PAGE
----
Sensor Web Enablement (SWE): OGC’s initiative for specifying interoperability interfaces and metadata encodings that enable real time integration of heterogeneous sensor webs into the information infrastructure.

OGC: Open Geospatial Consortium, a membership body of 300-plus organizations from the commercial, government and academic sectors that creates consensus interface specifications in an effort to maximize interoperability among software detailing with geographic data.

Sensor: An entity capable of observing a phenomenon and returning an observed value. (OGC 2007a).

SDI: Spatial Data Infrastructure. Many government administrations have initiated coordinated actions to facilitate the discovery and sharing of spatial data, creating the institutional basis for SDI creation. The Global Spatial Data Infrastructure (GSDI) association defines SDI as a coordinated series of agreements on technology standards, institutional arrangements, and policies that enable the discovery and facilitate the availability of and access to spatial data. The SDI, once agreed upon and implemented, serves to connect Geographic Information Systems (GIS) and other spatial data users to a myriad of spatial data sources, the majority of which are held by public sector agencies.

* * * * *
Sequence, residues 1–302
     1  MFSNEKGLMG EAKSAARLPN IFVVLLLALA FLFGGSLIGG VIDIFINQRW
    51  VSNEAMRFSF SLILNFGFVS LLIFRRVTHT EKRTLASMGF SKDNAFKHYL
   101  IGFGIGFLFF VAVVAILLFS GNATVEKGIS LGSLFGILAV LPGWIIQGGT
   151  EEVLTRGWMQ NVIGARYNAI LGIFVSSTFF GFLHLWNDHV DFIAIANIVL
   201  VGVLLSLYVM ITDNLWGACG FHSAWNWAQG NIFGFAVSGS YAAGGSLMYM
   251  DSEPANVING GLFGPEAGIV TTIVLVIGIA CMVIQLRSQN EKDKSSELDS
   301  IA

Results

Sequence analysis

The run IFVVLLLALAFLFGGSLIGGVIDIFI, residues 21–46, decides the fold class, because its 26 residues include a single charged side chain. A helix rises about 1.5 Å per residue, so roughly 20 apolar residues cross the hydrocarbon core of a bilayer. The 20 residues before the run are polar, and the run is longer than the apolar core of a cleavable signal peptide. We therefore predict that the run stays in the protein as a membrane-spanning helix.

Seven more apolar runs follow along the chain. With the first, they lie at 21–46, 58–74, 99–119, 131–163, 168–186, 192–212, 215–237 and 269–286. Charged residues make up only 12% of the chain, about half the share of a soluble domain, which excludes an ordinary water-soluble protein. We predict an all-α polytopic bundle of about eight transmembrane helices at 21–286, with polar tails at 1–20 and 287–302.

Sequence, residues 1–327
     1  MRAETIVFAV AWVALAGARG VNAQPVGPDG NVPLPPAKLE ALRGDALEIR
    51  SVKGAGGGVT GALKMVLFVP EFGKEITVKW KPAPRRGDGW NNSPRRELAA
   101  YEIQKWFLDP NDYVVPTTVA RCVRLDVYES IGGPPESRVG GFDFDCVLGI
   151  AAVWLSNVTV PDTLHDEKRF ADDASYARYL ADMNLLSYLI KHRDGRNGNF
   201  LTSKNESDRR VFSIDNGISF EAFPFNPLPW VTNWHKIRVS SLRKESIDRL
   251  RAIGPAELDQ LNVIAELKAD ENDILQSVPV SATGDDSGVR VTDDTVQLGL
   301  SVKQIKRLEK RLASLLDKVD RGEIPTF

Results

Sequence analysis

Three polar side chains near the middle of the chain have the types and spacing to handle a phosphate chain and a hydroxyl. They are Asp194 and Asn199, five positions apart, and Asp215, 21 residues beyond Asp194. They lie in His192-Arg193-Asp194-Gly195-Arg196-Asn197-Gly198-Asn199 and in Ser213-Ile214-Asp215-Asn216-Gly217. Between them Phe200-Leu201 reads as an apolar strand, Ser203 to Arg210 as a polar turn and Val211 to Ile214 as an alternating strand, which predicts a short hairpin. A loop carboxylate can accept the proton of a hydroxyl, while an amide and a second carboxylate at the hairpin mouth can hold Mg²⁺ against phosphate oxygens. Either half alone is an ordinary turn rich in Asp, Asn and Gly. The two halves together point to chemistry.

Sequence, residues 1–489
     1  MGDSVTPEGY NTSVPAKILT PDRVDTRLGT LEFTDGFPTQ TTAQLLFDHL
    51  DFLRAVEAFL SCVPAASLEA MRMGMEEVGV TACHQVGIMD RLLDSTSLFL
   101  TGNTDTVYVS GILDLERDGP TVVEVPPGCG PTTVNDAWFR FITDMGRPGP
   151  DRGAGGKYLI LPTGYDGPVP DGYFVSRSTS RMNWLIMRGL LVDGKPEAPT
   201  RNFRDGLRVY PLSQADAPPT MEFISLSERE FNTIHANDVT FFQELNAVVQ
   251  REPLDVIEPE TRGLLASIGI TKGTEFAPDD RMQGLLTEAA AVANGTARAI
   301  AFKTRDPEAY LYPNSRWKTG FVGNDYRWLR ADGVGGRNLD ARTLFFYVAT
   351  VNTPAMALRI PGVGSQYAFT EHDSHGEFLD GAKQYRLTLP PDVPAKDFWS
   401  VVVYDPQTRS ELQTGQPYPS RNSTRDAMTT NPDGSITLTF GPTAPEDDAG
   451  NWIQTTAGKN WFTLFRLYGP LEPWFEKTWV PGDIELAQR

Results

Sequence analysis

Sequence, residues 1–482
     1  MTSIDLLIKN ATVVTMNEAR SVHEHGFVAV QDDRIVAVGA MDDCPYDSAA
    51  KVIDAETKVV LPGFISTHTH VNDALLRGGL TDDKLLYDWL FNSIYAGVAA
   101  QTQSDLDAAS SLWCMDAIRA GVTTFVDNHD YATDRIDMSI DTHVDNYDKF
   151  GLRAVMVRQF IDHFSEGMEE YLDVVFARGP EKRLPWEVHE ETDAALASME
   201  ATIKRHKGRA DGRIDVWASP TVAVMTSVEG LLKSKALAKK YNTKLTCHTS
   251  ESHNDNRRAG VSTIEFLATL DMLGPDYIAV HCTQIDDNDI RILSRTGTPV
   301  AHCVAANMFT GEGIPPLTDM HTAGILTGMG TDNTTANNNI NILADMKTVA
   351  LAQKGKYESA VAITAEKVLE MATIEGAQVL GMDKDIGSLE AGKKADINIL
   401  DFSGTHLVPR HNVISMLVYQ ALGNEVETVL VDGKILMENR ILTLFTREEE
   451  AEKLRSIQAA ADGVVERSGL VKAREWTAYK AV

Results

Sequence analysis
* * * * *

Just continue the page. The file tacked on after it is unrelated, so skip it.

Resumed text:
Sensor System: A number of sensors (as defined previously) aggregated as a single unit is considered a sensor system o sensor resource. The main characteristic of a sensor system is that it offers offer a single access interface (van Zyl et al., 2009).

Observation: An act of observing a property or phenomenon, with the goal of producing an estimate of the value of the property. A specialized event whose result is a data value (OGC, 2007).